Wednesday , October 23 2019
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A tale of two timeframes

Summary:
- by New Deal democratNo data today, so while we are waiting for new home sales tomorrow, let me step back a little and give you an updated overview of my thinking. It boils down to: the short term forecast — over the next 4 to 8 months — looks flat at best, and could develop into an actual downturn. The longer term — over one year out — looks more positive. Let me start with the positive long term forecast first.  Long term interest rates have gone down significantly. Most importantly, mortgage rates have declined from about 5% to 4%. As a result, overall housing permits and starts, new single family home sales (which will be updated tomorrow) and through last Friday’s release of existing home sales have all turned higher:  The last big holdout, single family permits,

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 - by New Deal democrat

No data today, so while we are waiting for new home sales tomorrow, let me step back a little and give you an updated overview of my thinking.


It boils down to: the short term forecast — over the next 4 to 8 months — looks flat at best, and could develop into an actual downturn. The longer term — over one year out — looks more positive.

Let me start with the positive long term forecast first. 

Long term interest rates have gone down significantly. Most importantly, mortgage rates have declined from about 5% to 4%. As a result, overall housing permits and starts, new single family home sales (which will be updated tomorrow) and through last Friday’s release of existing home sales have all turned higher:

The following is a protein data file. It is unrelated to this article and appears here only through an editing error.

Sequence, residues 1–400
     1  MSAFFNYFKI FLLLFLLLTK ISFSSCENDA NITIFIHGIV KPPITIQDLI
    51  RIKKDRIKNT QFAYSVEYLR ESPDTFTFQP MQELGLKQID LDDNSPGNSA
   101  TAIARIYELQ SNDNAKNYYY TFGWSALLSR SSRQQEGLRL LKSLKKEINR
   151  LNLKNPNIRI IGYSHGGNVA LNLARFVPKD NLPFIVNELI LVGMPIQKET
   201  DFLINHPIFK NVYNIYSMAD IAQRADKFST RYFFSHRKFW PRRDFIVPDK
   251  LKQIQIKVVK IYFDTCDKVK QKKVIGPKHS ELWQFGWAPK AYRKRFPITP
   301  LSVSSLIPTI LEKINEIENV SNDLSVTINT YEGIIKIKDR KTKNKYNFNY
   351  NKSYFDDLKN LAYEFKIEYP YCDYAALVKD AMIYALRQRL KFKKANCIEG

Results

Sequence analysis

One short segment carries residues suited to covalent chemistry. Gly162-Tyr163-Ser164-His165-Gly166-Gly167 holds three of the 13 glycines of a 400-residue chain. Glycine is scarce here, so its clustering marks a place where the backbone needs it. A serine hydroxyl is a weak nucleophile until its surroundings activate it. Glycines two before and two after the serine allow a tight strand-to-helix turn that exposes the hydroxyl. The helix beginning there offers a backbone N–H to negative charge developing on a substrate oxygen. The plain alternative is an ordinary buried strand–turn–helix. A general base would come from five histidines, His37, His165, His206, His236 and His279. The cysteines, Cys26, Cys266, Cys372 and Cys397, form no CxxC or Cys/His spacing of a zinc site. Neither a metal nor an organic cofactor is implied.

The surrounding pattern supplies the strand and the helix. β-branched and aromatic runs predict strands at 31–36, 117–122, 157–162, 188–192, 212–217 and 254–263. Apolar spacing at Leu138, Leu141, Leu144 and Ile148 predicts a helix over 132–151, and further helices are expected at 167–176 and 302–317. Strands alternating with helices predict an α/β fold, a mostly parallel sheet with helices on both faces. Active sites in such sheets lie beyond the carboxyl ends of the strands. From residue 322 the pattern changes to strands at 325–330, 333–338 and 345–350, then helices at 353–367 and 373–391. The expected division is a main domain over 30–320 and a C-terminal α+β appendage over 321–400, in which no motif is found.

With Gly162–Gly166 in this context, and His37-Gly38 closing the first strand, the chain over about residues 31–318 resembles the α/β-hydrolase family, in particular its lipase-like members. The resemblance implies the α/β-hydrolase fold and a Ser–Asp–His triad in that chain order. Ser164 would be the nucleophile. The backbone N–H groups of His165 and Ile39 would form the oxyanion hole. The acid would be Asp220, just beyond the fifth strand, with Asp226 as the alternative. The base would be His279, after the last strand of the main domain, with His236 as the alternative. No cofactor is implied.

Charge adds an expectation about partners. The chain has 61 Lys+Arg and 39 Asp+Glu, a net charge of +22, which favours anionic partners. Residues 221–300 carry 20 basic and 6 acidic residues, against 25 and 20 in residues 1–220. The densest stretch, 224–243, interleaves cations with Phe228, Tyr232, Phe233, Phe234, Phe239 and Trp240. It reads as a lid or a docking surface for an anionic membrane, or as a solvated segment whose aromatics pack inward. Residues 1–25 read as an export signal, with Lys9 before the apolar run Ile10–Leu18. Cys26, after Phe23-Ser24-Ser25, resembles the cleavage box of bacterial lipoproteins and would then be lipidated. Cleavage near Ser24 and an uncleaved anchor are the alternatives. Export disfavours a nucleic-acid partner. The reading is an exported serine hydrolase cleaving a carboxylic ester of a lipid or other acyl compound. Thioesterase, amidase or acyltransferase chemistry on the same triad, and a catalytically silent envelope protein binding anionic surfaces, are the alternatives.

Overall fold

A tale of two timeframes

The last big holdout, single family permits, probably made a bottom in April.

But they aren’t the only long leading indicators to have improved. So has real money supply. Here’s the long term view:

A tale of two timeframes

And here’s a close-up of the last few years:

A tale of two timeframes

Last year real M2 (minus 2.5%) turned negative, and for several months, so did real M1. Both are now positive again. Note that the closest analogues are 1988 and 2002 - neither of which times coincided with a subsequent recession.

So while the inverted yield curve is a real concern, it isn’t being confirmed by a number of other very valid indicators over the past six months.


Now let’s contrast with the short term forecast. The second half of last year, especially Q4, coincided with the greatest number of the long leading indicators turning south. That means we are heading into treacherous waters in the near term.

One “quick and dirty” way to look at the short leading indicators is simply to compare stock prices via the S&P 500 (blue in the graph below) vs. initial jobless claims (red, inverted):

A tale of two timeframes

In the above graph, stock prices are normed to 100 as of the January 2018 high. Note they have only improved by a little over 3% as of their most recent highs last week. Meanwhile initial claims only improved over their September 2018 lows (shown as a peak) during the three weeks before Easter this year, probably due to residual seasonality.

In short, short leading indicators have been going basically sideways. And as I’ve noted repeatedly in the last few months, the leading employment sectors of manufacturing, residential construction, and temp jobs have all turned flat or downward since January. Whether there’s a recession or not in the short term probably depends on the intensity of Trump’s trade wars, and how much businesses, and business planning, suffers for them.

So if my writing on the economy seems schizoid, it’s because the dour near term forecast depends on the actions of a narcissist who thrives on chaos, while the longer term is being leavened by other very leading sectors.

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